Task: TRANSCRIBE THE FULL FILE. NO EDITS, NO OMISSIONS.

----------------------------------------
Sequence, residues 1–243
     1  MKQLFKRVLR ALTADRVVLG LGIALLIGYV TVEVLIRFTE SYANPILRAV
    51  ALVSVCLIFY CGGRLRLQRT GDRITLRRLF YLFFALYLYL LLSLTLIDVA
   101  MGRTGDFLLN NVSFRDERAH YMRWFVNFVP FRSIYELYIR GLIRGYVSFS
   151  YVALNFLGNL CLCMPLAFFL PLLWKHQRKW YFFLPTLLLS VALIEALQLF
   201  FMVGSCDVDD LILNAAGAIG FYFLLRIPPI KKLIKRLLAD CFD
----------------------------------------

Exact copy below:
Sequence, residues 1–243
     1  MKQLFKRVLR ALTADRVVLG LGIALLIGYV TVEVLIRFTE SYANPILRAV
    51  ALVSVCLIFY CGGRLRLQRT GDRITLRRLF YLFFALYLYL LLSLTLIDVA
   101  MGRTGDFLLN NVSFRDERAH YMRWFVNFVP FRSIYELYIR GLIRGYVSFS
   151  YVALNFLGNL CLCMPLAFFL PLLWKHQRKW YFFLPTLLLS VALIEALQLF
   201  FMVGSCDVDD LILNAAGAIG FYFLLRIPPI KKLIKRLLAD CFD